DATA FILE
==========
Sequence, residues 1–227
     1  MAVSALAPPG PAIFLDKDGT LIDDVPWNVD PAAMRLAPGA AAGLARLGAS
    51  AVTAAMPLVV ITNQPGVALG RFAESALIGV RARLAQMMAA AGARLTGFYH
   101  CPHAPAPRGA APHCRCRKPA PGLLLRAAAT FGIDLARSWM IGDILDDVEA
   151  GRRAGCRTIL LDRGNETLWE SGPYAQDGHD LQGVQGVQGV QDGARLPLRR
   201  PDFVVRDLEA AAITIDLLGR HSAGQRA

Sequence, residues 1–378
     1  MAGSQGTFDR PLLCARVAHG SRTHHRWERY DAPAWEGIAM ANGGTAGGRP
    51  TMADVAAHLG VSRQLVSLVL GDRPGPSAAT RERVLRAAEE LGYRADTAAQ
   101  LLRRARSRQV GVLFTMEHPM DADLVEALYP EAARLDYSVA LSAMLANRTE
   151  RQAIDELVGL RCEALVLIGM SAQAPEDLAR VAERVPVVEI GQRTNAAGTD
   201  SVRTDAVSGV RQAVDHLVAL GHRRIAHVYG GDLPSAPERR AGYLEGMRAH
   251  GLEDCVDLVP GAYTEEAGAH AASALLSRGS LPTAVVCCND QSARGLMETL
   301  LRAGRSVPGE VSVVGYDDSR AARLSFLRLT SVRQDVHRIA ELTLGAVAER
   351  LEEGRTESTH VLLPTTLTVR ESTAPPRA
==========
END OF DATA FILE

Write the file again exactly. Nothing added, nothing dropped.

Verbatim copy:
Sequence, residues 1–227
     1  MAVSALAPPG PAIFLDKDGT LIDDVPWNVD PAAMRLAPGA AAGLARLGAS
    51  AVTAAMPLVV ITNQPGVALG RFAESALIGV RARLAQMMAA AGARLTGFYH
   101  CPHAPAPRGA APHCRCRKPA PGLLLRAAAT FGIDLARSWM IGDILDDVEA
   151  GRRAGCRTIL LDRGNETLWE SGPYAQDGHD LQGVQGVQGV QDGARLPLRR
   201  PDFVVRDLEA AAITIDLLGR HSAGQRA

Sequence, residues 1–378
     1  MAGSQGTFDR PLLCARVAHG SRTHHRWERY DAPAWEGIAM ANGGTAGGRP
    51  TMADVAAHLG VSRQLVSLVL GDRPGPSAAT RERVLRAAEE LGYRADTAAQ
   101  LLRRARSRQV GVLFTMEHPM DADLVEALYP EAARLDYSVA LSAMLANRTE
   151  RQAIDELVGL RCEALVLIGM SAQAPEDLAR VAERVPVVEI GQRTNAAGTD
   201  SVRTDAVSGV RQAVDHLVAL GHRRIAHVYG GDLPSAPERR AGYLEGMRAH
   251  GLEDCVDLVP GAYTEEAGAH AASALLSRGS LPTAVVCCND QSARGLMETL
   301  LRAGRSVPGE VSVVGYDDSR AARLSFLRLT SVRQDVHRIA ELTLGAVAER
   351  LEEGRTESTH VLLPTTLTVR ESTAPPRA